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Daily Press Briefing
Robert Wood, Deputy Spokesman
Washington, DC
September 26, 2008



U.S.-India Civil-Nuclear Agreement / Senate Foreign Relations Approval


Reports that the U.S. and Russia Have Reached an Agreement on a UN Resolution on Iran
Meetings of the P5+1


Assistant Secretary Hill’s Meeting with the Chinese Vice Foreign Minister
Assistant Secretary Hill’s Upcoming Meeting Schedule
Need for DPRK to Produce a Verification Regime / Meeting Where Parties Agreed on Principles


Resumption of Consular and American Citizen Services in Islamabad on Monday
U.S. Will Evaluate its Security Posture on a Daily Basis
U.S. Desire to Improve Security Situation on the Afghan Border
Need to Strengthen Cooperation on Counterterrorism / Strong Pledges of Cooperation
U.S. Diplomatic Efforts / Karzai / Zardari


Conversations on the Margins of UNGA About the Financial Crisis / Treasury / White House


Need for Both Parties to Live Up to their Roadmap Obligations


View Video 10:34 a.m. EDT

MR. WOOD: Happy Friday, everyone. I don’t have anything, so we can go right to your questions.

QUESTION: I understand that the Secretary called Congressman Berman last night about the India deal. Do you have any details on what they were discussing?

MR. WOOD: I don’t have anything about – I’m not even aware that the Secretary had a call with Berman. That may have happened. I just wasn’t informed about it. But we’re pushing – again, very hard -- to get this agreement done through the Congress. We were very happy that the Senate Foreign Relations Committee approved it. And it now goes on to the full Senate and the House. And we hope that this agreement will be approved and we can go forward and implement it. It’s a good thing for the United States and India, and we do want to see it happen.


QUESTION: Well, how is the timing of that going? And has there been some move to settle the time issue?

MR. WOOD: Well, I don’t want to get into the substance of it. But obviously, time is of the essence. We want to see this agreement work its way through Congress very quickly. As I said, it’s an important agreement for U.S. national interest and for India. And you know, we’re making progress. But again, it’s not done yet and we hope to see it happen. So we’ll have to stay tuned, see how it goes.

Any other questions? Go ahead, Charley.

QUESTION: Well, there’s a report out of the United Nations that Russia and the U.S. have reached new agreement on the Iran resolution.

MR. WOOD: Not that I’m aware of, at all. I’ll look into that to see if there’s anything new. But I haven’t heard anything about that. Is that a news report coming out of New York?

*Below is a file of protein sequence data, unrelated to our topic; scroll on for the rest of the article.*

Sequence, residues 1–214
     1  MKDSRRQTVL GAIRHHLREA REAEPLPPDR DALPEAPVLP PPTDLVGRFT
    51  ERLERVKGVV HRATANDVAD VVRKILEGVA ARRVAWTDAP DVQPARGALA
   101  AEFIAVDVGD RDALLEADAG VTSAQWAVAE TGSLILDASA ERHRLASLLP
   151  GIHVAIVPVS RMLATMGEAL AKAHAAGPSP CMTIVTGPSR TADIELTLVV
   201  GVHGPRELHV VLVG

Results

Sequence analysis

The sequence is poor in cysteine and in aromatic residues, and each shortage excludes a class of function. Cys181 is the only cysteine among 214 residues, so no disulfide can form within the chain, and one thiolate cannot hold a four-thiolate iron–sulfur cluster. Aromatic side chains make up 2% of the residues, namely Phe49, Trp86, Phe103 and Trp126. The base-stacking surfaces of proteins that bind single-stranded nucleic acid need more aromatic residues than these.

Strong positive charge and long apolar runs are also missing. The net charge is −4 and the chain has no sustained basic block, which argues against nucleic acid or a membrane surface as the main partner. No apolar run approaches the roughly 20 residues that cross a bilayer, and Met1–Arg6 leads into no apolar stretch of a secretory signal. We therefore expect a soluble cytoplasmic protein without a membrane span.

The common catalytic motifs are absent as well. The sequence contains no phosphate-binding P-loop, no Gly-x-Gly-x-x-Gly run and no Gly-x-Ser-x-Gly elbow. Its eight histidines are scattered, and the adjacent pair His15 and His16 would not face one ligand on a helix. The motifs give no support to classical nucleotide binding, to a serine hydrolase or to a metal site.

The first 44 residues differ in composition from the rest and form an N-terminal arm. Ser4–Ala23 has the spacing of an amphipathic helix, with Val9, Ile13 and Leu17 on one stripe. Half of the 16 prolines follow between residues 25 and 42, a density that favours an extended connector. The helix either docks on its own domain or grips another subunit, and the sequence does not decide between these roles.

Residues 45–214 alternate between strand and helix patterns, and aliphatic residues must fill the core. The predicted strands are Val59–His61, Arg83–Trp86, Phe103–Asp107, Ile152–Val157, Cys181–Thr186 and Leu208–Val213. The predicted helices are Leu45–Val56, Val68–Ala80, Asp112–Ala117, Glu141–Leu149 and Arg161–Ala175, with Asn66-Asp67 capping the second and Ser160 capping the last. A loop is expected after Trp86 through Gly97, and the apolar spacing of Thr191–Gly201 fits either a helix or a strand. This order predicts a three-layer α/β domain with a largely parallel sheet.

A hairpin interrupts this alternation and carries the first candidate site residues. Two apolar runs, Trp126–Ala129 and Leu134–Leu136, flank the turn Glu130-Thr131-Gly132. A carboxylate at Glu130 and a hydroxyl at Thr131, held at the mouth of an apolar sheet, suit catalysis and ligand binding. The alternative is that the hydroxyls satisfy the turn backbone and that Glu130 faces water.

QUESTION: Was there an impromptu -- do you know anything about an impromptu meeting after breakfast involving --

MR. WOOD: As far as I know, there was no P-5+1 meeting. I know there was the P-5 meeting, you know, the breakfast meeting. But I’m not aware of that, Charley. I’ll look into it to see if there’s anything and we’ll let you know. But I don’t think there was anything.


QUESTION: Did you happen to get a readout of Ambassador Hill’s meeting with the Chinese Vice Foreign Minister?

MR. WOOD: Yeah, they had a good discussion on, of course, North Korea. They discussed a broad range of, you know, multilateral issues – Iran being another – and the importance of engagement on major international issues. I don’t have anything beyond that with regard to that meeting. I understand Assistant Secretary Hill will meet with the Japanese Foreign Ministry’s Director General Saiki today. Obviously, the topic of discussion will be how we can move forward on the Six-Party Talks and get North Korea to live up to its obligations.


MR. WOOD: Please.

QUESTION: There’s a report on the U.S. verification plan -- the Washington Post report, saying that Ambassador Hill was opposed to the proposal and China and Russia had warned that the U.S. was asking too much from North Korea. Can you comment on the report?

MR. WOOD: Well, I’m not going to comment on a document that wasn’t intended to be made public. But look, there’s no secret about this. We’ve been very insistent – we, the Six-Party members – that North Korea live up to its obligations and produce a verification regime. This is not an onerous task, as I mentioned yesterday, that we’re asking of North Korea. In fact, if you recall July 10 through 12, there was a heads of delegation meeting in which all the parties agreed on some verification principles. And so again, the bottom line here is: We want to see a verification package form the North, and we want to see that happen as soon as possible so we can move forward with the rest of our agenda within the Six-Party Talks framework.